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Land in the Indragiri Hulu Regency, Riau, Indonesia, on which a peat forest used to stand. The forest was cleared to make way for an oil palm plantation.


geo- +‎ -cide.


  • (Received Pronunciation) IPA(key): /ˈd͡ʒiːəʊsaɪd/
  • (file)
  • Hyphenation: ge‧o‧cide


geocide (uncountable)

  1. The destruction of the earth, its ecosystems, or some part thereof, due to human activity.
    Synonym: ecocide
    • 1991, Thomas Berry; Thomas Clarke; Stephen Dunn and Anne Lonergan, editors, Befriending the Earth: A Theology of Reconciliation between Humans and the Earth, Mystic, Conn.: Twenty-Third Publications, ISBN 978-0-89622-471-1; quoted in Cristina Vanin, “Attaining Harmony with the Earth”, in John C. Haughey, editor, In Search of the Whole: Twelve Essays on Faith and Academic Life, Washington, D.C.: Georgetown University Press, 2011, ISBN 978-1-58901-781-8, page 184:
      [T]here is the inability of the Christian world to respond in any effective way to the destruction of the planet. [] There is this terrible lack of concern for biocide or geocide. We have no moral principles to deal with them. [] Somehow, when I was quite young, I saw the beginning of biocide and geocide.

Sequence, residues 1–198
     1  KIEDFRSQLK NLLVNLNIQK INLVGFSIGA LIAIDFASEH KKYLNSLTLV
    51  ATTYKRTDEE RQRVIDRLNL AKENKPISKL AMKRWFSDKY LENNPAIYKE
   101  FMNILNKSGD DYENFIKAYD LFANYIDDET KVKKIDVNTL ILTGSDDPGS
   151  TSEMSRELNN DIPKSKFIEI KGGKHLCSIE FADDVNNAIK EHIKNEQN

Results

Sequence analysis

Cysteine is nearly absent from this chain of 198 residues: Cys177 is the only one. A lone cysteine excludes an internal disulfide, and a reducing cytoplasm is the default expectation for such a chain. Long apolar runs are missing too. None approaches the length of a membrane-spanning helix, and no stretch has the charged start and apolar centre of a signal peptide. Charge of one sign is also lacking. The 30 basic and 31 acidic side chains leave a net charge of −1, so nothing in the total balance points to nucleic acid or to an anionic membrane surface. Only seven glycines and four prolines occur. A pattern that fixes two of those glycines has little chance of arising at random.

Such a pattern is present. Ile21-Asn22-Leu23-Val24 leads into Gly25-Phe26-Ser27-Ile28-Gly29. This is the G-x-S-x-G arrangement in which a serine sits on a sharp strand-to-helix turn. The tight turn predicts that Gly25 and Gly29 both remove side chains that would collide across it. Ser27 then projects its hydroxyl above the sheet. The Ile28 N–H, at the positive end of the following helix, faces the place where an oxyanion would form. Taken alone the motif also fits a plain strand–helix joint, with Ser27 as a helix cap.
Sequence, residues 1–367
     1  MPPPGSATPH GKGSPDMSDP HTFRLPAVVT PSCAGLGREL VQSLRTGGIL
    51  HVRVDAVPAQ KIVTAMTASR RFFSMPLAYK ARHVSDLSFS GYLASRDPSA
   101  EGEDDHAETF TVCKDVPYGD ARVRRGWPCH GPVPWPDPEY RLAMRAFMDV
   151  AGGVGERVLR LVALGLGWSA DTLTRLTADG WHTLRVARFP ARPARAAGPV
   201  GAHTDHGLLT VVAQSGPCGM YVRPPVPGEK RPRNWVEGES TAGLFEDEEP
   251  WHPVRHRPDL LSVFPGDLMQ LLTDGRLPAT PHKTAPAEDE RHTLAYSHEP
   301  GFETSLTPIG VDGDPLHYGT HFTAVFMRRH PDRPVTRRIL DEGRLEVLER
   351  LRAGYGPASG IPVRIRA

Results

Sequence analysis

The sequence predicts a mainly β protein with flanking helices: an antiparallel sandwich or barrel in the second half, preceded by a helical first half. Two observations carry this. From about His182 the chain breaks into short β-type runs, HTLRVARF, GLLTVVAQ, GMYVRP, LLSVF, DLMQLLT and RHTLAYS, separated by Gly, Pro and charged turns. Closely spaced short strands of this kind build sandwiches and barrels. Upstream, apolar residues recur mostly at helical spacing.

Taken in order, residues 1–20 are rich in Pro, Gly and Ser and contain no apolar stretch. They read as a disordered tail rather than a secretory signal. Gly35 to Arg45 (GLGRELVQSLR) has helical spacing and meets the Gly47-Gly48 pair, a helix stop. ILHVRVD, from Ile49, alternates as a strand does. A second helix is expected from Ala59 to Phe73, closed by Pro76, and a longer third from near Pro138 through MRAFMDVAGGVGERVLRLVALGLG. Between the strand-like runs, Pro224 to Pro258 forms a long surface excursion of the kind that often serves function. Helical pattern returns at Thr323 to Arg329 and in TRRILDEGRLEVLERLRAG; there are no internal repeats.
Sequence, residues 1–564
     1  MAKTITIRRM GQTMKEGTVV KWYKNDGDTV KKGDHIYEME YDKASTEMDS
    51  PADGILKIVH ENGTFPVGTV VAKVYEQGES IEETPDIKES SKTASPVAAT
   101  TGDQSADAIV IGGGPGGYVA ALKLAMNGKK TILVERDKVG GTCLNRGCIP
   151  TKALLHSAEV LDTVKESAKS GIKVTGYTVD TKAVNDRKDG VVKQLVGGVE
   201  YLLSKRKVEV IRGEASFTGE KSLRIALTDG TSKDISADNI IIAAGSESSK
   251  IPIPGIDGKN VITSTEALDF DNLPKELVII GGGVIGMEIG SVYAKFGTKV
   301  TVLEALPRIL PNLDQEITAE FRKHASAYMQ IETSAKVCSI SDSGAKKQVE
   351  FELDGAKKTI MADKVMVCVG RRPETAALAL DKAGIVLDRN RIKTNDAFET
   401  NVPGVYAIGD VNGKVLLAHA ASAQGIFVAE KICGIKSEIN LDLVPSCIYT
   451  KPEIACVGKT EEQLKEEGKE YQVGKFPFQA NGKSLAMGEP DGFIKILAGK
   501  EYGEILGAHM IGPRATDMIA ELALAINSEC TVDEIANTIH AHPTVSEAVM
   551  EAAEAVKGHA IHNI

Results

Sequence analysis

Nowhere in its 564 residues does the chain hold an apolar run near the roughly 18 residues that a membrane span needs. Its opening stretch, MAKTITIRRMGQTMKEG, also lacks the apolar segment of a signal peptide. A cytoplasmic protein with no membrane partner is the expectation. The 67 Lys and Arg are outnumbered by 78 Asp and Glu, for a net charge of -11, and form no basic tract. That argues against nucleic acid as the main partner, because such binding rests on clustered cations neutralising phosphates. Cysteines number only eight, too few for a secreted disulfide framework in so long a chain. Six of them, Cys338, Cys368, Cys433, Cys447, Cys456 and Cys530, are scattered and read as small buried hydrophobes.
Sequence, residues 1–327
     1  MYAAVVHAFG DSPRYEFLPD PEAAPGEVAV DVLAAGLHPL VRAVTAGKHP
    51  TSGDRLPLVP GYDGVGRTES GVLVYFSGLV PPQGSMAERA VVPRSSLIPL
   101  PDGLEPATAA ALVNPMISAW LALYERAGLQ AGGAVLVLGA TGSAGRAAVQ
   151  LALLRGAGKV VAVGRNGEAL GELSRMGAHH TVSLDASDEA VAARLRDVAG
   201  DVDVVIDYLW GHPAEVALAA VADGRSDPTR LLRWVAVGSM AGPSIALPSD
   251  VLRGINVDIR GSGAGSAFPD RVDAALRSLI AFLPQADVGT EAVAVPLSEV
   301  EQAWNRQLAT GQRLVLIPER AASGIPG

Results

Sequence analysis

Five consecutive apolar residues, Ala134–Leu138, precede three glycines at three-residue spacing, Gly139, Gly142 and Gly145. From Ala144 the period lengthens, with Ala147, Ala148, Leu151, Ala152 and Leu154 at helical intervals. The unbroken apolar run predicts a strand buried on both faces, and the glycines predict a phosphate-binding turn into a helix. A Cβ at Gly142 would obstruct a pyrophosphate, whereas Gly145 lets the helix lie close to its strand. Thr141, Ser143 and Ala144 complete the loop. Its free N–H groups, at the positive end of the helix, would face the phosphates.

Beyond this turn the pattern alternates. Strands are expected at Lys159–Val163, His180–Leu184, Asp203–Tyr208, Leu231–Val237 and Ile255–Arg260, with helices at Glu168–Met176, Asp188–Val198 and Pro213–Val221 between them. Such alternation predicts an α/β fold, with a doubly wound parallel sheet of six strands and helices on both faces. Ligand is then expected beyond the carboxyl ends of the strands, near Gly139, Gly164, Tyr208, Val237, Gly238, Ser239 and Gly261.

• 1993 fall, Lynn Berat, “Defending the Right to a Healthy Environment: Toward a Crime of Geocide in International Law”, in Boston University International Law Journal[1], volume 11, Boston, Mass.: Boston University School of Law, ISSN 0737-8947, OCLC 60648444, page 343:
      [D]estruction of any species or the serious impairment of any part of the global environment should be seen as geocide, which deprives humans of their right to a healthy environment.
    • 1997, Virginia Journal of International Law, volume 38, page 377:
      Two common terms used to characterize injuries to the environment include “geocide” and “ecocide,” terms particularly applicable to rain forest damage because it is irreparable.
    • 2013, Alexandra R. Harrington, “The Crime of Aggression and Threats to the Future”, in Sébastien Jodoin and Marie-Claire Cordonier Segger, editors, Sustainable Development, International Criminal Justice, and Treaty Implementation, Cambridge: Cambridge University Press, →ISBN, pages 161–162:
      It has also been suggested that environmental crimes might include the proposed crime of ‘ecocide’ or ‘geocide’, with proponents of this view attempting to draw parallels between destructive acts towards the environment and those against the qualifying groups for genocide. [] [M]any who advocate for the creation of either ecocide or geocide principally argue that the best place to try such crimes is through an apparatus created in a separate and environment-oriented treaty.